Volume 12, 2007 : Immigrant Scholars Write about Identity and Integration

Encounters with Law: Russian-Speaking Israelis in Court
Larisa Fialkova
Department of Hebrew and Comparative Literature
Haifa University, Israel

Maria Yelenevskaya
Department of Humanities and Arts
Israeli Institute of Technology - Technion, Haifa, Israel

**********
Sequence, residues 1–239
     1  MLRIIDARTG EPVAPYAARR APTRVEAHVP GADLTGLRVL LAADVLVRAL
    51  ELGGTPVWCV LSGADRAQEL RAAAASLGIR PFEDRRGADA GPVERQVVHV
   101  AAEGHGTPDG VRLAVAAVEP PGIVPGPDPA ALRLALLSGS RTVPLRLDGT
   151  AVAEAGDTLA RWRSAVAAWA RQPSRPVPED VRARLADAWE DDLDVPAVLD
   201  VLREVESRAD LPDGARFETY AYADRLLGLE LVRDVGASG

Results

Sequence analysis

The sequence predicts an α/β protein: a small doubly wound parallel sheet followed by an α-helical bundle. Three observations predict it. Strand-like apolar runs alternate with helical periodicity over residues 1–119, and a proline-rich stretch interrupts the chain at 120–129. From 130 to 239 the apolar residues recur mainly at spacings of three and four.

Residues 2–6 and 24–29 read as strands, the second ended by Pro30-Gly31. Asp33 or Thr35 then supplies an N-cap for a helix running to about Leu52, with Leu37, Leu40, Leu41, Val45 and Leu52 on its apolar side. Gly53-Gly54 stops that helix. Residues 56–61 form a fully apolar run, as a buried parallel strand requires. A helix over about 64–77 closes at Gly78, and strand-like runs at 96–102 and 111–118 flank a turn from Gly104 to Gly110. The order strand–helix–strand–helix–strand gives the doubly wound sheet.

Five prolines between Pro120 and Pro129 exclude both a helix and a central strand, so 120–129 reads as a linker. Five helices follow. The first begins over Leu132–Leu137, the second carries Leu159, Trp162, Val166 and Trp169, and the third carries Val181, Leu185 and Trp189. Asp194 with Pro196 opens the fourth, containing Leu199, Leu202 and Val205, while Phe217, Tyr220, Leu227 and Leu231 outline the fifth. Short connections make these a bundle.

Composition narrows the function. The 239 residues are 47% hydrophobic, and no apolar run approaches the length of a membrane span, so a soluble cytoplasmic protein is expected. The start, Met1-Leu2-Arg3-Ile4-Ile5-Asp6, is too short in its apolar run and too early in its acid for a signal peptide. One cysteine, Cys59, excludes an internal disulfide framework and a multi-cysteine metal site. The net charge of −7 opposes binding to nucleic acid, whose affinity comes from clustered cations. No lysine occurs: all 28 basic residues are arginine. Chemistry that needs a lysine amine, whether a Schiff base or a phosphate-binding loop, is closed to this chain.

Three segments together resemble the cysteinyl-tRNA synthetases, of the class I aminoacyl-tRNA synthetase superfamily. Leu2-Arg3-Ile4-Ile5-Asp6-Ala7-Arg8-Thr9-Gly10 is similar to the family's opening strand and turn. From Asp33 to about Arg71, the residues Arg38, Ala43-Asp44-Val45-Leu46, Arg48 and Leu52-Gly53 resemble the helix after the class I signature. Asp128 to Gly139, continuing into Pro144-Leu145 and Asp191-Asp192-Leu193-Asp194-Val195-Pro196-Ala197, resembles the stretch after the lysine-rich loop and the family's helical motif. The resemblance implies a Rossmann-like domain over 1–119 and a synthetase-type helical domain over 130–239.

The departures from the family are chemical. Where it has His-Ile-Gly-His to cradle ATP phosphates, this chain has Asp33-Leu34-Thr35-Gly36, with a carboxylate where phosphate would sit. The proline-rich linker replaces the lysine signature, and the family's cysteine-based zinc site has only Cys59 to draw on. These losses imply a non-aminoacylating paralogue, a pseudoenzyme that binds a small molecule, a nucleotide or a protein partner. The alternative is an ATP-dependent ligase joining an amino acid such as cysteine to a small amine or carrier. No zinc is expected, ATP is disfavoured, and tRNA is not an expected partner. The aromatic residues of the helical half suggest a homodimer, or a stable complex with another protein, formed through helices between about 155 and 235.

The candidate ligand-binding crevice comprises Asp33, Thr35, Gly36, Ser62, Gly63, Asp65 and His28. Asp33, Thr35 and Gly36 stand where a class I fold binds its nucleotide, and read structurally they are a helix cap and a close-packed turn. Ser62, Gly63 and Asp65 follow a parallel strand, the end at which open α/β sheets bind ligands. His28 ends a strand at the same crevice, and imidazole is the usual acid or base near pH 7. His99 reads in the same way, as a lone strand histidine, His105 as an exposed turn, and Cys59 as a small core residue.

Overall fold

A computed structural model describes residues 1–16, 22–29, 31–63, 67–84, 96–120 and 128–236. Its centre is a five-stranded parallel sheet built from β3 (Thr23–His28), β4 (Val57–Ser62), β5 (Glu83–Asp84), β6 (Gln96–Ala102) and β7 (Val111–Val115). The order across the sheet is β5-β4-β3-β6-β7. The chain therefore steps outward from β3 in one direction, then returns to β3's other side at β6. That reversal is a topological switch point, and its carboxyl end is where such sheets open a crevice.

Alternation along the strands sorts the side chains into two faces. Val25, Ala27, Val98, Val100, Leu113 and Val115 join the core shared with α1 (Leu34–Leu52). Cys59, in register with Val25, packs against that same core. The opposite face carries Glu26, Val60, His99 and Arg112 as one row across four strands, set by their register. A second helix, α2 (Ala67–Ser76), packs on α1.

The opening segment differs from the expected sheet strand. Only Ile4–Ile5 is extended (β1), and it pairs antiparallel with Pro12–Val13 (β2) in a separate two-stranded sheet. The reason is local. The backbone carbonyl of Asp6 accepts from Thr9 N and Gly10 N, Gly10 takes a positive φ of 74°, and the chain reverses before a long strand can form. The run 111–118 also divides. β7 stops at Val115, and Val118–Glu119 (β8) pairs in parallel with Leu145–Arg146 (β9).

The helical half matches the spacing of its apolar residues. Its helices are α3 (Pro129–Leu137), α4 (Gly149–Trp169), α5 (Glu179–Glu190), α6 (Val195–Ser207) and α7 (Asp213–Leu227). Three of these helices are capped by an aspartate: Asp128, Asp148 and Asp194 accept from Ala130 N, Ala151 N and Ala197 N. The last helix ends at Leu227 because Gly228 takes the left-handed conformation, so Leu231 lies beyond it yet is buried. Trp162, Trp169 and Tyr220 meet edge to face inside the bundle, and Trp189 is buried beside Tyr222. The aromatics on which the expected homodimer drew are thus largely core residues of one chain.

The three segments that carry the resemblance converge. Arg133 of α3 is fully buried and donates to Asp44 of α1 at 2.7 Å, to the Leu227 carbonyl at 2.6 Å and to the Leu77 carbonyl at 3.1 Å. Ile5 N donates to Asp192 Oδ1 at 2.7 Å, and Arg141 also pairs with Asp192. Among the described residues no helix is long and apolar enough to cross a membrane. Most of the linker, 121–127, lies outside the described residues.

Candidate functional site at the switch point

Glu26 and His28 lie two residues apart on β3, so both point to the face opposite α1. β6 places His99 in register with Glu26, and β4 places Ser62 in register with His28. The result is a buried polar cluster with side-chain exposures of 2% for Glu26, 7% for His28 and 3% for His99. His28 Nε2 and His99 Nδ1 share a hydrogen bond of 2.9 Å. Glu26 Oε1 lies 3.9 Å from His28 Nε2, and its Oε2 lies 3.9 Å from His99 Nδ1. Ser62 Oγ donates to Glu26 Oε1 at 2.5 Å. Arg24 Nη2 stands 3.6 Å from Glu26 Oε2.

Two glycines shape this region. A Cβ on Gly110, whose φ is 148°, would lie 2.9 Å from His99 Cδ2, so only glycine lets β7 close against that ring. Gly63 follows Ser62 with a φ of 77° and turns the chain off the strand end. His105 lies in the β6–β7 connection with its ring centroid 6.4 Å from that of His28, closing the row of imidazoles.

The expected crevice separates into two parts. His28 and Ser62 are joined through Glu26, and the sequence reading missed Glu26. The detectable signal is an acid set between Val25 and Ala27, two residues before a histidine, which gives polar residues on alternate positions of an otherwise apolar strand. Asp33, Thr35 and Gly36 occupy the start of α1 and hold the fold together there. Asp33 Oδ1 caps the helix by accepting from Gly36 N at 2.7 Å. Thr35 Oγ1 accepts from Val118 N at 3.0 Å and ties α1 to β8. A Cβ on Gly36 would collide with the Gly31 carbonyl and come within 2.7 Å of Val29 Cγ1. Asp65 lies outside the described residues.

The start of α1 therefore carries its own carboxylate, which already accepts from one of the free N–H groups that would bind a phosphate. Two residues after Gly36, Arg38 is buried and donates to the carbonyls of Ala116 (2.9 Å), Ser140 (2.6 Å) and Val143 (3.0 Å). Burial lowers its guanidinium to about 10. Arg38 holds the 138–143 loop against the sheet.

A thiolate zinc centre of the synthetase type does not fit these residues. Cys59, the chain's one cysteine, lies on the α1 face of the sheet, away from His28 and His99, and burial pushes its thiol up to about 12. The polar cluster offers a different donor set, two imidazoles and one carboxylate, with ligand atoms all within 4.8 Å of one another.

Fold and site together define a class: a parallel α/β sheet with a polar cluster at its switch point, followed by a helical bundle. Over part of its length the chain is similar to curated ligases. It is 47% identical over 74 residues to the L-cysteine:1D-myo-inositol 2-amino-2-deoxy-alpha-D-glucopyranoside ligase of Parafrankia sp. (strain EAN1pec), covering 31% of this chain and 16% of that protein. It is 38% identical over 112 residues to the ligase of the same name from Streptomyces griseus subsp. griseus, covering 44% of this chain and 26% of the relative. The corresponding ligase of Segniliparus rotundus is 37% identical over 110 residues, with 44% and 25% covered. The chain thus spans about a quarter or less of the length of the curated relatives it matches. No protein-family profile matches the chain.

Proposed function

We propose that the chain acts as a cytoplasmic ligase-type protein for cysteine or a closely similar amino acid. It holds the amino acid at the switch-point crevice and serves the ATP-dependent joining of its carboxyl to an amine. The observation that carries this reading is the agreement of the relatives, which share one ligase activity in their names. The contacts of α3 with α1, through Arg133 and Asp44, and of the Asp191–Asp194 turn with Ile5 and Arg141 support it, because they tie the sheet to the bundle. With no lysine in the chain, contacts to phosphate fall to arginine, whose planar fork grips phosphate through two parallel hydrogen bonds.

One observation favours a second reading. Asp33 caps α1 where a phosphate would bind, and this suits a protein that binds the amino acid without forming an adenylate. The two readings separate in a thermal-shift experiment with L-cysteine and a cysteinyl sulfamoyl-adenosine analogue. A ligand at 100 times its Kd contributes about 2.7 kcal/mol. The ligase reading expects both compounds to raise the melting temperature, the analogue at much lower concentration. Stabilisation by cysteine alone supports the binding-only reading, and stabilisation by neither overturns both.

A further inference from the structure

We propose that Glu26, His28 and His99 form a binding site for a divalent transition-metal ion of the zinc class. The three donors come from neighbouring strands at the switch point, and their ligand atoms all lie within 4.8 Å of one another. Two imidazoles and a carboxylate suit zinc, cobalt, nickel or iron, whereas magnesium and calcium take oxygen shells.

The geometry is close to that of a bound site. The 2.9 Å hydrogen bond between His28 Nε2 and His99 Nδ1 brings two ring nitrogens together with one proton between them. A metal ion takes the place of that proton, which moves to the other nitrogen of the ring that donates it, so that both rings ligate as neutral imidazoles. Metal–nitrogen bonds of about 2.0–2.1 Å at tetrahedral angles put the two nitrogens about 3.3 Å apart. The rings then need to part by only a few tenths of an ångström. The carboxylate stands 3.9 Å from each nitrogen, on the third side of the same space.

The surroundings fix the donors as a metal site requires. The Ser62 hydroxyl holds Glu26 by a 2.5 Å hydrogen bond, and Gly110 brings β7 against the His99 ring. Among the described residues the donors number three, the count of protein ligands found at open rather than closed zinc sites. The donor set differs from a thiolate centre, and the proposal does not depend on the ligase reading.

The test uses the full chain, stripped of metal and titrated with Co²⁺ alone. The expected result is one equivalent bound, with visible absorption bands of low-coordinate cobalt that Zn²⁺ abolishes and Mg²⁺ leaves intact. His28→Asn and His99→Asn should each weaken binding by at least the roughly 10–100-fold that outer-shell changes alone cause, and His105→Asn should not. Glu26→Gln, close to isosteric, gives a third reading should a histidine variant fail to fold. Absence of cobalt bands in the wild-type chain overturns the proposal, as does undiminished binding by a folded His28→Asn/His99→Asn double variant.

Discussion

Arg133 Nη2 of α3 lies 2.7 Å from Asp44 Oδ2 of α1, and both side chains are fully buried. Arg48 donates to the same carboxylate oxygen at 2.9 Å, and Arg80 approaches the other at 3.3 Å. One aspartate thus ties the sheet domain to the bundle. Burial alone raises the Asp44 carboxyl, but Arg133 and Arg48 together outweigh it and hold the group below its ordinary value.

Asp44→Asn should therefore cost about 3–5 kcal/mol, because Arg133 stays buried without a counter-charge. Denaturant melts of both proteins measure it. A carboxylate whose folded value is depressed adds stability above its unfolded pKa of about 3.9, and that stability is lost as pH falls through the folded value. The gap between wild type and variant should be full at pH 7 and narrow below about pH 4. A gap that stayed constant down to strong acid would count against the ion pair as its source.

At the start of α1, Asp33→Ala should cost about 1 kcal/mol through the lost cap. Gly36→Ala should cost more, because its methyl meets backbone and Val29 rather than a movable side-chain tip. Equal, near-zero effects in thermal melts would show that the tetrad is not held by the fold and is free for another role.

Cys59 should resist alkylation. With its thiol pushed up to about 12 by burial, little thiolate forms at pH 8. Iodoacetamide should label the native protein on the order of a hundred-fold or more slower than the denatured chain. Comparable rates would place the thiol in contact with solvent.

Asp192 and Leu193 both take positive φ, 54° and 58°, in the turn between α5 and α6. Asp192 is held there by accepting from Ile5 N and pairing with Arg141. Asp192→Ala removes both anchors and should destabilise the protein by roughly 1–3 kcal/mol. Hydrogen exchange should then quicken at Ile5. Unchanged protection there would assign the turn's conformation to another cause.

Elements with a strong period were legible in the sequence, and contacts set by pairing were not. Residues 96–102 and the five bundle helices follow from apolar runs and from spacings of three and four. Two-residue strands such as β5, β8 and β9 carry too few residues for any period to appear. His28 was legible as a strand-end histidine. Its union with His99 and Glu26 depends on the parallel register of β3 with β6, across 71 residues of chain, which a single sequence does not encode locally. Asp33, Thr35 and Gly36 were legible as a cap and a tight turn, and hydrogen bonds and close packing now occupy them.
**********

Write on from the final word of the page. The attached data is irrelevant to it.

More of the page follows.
This essay is part of a project in legal anthropology investigating external legal culture—the perceptions of the law by members of the lay public. Material is drawn from in-depth focused interviews with FSU immigrants of the 1990s in which the subjects relate their courtroom experiences in Israel. On the whole, ex-Soviets are reluctant to bring their problems to court. This paper attempts to show that partially this attitude stems from deep distrust of the law and authorities bred in pre-emigration life and reinforced by experience in Israel. It also reflects legal incompetence: immigrants have to adjust to the legal system markedly different from the one in their origin country. Stories about various legal offences, morality, rights, and civil responsibilities, as well as cheating and swindling, are a common item in the immigrants’ narratives. Our goal is to reveal mental structures related to the concepts of “law”, “justice”, “rights”, etc., and analyze how they contribute to the feelings of social integration or alienation.

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